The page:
SUM OF ALL FEARS, THE
Reviewed November 11th, 2002 by Brian White
After Clear and Present Danger, the last of Tom Clancy’s Jack Ryan novels to be produced as a film, efforts were made to find the next film in the franchise, starring Harrison Ford. The Sum of All Fears was chosen as the source material. However, Ford decided that the script wasn’t what he was looking for, and he took another film. The chosen director also took another film.
Producers set off to find a new Jack Ryan. They were approached by Ben Affleck’s representation. Considering a Ryan in his late twenties, it was decided that this was a great opportunity to reinvent the series. Where Harrison Ford was to be a high-ranking member of the CIA, Affleck’s Ryan is just starting out. He is a cubicle jockey, staring at a computer under florescent lights.
The Sum of all Fears is a really tight movie. It delivers all of the Clancy-esque international intrigue, the espionage, the action, and an intelligent story. The movie delivers, as the title suggests, a very difficult situation for Ryan to overcome. Hats off to the filmmakers for not altering the film in the wake of the events of September eleventh. As horrible as the events of that day, the events depicted here are far worse, and are potentially the most damaging events that could transpire.
And I must also mention that parts of the film were shot not too far away from where this review is being typed. The filmmakers decided that the Deifenbunker, a nuclear bomb shelter formally on call for the Canadian government (and now a museum), would double nicely as the President’s “secure location.” I’ll make my pitch for Ottawa tourism by inviting you all to come and tour the facility as well.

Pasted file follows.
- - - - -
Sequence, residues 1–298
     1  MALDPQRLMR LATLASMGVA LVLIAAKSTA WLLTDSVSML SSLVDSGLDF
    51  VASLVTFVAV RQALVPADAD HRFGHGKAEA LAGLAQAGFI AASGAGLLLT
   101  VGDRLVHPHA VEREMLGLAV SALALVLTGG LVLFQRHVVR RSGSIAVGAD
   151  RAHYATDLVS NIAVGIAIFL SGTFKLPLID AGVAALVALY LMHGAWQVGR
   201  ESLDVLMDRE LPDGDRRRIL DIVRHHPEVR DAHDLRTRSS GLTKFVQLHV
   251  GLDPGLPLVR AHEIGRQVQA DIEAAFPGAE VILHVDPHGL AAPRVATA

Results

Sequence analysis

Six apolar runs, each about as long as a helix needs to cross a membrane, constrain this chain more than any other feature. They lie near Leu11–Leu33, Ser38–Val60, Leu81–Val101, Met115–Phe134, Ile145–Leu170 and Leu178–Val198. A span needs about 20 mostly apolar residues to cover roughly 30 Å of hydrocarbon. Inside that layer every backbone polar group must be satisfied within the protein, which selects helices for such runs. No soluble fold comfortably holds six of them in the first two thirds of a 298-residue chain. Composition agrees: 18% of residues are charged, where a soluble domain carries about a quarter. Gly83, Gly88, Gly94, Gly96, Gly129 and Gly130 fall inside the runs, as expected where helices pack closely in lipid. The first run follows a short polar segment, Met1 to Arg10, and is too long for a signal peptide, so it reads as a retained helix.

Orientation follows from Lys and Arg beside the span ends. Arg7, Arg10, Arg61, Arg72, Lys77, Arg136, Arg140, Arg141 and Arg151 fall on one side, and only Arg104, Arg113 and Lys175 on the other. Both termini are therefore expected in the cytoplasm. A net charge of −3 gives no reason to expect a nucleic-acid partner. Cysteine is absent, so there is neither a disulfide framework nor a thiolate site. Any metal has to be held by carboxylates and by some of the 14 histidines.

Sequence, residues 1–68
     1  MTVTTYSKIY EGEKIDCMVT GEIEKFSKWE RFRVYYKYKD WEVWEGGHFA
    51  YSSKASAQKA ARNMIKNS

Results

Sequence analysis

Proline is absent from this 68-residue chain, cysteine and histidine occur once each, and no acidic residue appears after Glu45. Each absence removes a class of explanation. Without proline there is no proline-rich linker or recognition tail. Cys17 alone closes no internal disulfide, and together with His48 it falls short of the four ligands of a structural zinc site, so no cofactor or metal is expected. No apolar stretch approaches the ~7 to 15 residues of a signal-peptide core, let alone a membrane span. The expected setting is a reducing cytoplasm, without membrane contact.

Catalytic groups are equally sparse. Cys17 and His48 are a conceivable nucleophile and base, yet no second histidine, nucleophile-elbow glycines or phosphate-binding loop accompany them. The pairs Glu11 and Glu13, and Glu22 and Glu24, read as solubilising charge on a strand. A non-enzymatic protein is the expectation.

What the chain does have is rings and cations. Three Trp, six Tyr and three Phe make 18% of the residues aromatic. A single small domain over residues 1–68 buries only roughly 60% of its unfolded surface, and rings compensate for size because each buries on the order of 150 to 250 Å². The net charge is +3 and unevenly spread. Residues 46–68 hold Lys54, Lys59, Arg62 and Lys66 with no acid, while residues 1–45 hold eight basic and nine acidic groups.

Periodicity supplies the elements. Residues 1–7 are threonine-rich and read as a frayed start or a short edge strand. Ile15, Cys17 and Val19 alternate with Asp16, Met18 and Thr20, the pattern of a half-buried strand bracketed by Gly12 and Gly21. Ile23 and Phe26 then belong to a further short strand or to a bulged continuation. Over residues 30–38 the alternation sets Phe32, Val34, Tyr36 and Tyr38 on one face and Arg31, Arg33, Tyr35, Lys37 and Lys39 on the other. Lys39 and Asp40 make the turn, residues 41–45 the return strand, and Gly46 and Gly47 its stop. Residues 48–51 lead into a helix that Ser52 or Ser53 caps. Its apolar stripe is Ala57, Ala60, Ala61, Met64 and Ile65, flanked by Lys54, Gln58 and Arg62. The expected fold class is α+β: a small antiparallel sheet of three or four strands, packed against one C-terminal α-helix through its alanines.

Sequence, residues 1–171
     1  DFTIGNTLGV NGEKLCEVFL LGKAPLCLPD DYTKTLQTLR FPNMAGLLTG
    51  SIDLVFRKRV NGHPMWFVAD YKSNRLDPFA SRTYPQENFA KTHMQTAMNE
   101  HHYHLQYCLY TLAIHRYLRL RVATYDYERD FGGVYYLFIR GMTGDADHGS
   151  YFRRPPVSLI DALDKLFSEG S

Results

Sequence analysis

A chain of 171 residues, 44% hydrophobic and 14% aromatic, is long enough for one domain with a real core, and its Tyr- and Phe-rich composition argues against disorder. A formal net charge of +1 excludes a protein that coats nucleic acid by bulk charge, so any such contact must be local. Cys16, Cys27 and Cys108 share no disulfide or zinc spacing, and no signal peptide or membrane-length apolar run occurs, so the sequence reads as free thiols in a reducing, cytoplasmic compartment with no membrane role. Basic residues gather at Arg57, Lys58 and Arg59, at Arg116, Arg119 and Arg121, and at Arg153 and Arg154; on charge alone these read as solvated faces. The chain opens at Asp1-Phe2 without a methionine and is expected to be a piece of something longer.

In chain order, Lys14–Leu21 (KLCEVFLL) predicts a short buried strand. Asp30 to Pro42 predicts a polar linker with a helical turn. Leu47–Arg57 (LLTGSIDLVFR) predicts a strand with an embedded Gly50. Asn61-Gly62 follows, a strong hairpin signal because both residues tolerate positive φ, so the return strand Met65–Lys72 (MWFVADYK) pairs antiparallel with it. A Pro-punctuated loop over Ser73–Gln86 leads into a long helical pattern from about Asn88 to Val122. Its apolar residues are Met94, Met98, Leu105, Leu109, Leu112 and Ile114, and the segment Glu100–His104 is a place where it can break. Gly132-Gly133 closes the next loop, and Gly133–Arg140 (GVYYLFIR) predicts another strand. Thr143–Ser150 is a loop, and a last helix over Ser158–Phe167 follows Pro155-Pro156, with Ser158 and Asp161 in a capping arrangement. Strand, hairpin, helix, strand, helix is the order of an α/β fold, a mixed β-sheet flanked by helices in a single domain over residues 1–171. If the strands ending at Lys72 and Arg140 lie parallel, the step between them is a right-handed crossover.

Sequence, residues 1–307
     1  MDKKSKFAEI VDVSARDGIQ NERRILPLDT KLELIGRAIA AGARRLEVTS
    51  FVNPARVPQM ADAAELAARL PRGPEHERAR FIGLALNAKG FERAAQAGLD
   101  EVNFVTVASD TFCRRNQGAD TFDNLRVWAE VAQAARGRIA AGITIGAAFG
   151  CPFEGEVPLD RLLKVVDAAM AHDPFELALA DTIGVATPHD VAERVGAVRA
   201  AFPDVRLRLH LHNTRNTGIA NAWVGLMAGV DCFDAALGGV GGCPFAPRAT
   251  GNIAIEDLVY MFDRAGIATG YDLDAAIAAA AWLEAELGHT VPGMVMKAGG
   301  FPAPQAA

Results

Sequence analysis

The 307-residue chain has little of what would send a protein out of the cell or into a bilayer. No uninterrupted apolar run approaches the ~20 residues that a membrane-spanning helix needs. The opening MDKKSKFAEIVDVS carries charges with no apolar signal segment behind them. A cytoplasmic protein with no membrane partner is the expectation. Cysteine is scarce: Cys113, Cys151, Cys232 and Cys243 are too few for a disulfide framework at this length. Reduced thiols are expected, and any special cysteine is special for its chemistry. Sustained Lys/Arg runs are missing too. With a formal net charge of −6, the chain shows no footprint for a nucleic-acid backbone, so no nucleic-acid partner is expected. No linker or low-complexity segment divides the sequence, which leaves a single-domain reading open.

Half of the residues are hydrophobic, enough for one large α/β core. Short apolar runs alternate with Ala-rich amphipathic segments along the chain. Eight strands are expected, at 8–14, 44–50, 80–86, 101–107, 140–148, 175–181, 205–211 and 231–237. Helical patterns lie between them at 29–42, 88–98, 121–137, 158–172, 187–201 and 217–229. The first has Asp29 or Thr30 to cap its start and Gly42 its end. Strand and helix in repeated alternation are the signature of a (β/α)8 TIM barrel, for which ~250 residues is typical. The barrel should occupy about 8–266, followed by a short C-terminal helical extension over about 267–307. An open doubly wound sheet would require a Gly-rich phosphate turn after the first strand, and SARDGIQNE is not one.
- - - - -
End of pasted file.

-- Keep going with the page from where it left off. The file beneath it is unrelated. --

So how is Affleck as Ryan? Quite honestly, I don’t yet buy Ben as an action hero. I haven’t seen Reindeer games, because he’s not credible with a gun. This seems to have been dealt with perfectly in this movie. He starts out as a sort of geeky, anti-hero. We hear that he was in the armed forces, and can take care of himself; so it isn’t beyond reason when we see him in a fight, which is rare. This Ryan is a hero because of his brain and his dedication. Ben pulls it off.
Morgan Freeman anchors the film. He’s perfectly cast as Ryan’s mentor. A very interesting performance is that of Liev Shrieber, who plays a spy in the field. I must confess to not reading the books, but I hope this actor returns.
The video on the disc, as you might well imagine, is very good. This was an expensive film, with great special effects, and cinematography. There is plenty of eye-candy, and action movie goodness. It is presented in 2.35:1, anamorphic widescreen.
The 5.1, Dolby Digital surround mix is active, but not overly so. The movie sounds very good, but there isn’t that over-the-top surround mix that you expect in this sort of film. A helicopter does fly through your surrounds, but the mix isn’t what I’ve grown to expect. Would a more active mix have improved the experience? I don’t know. The movie sounds great, though.
For extras, there are multiple behind the scenes featurettes that discuss many aspects of the production. The production is covered from the drawing board to the screen. The director’s commentary is interesting, in that Director Phil Alden Robinson and cinematographer John Lindley discuss the technicalities of the production. More interesting is a feature-length commentary with Clancy and Robinson. Clancy is full of information, and opinions. The Clancy commentary alone makes this DVD a purchase, if you’re a fan.
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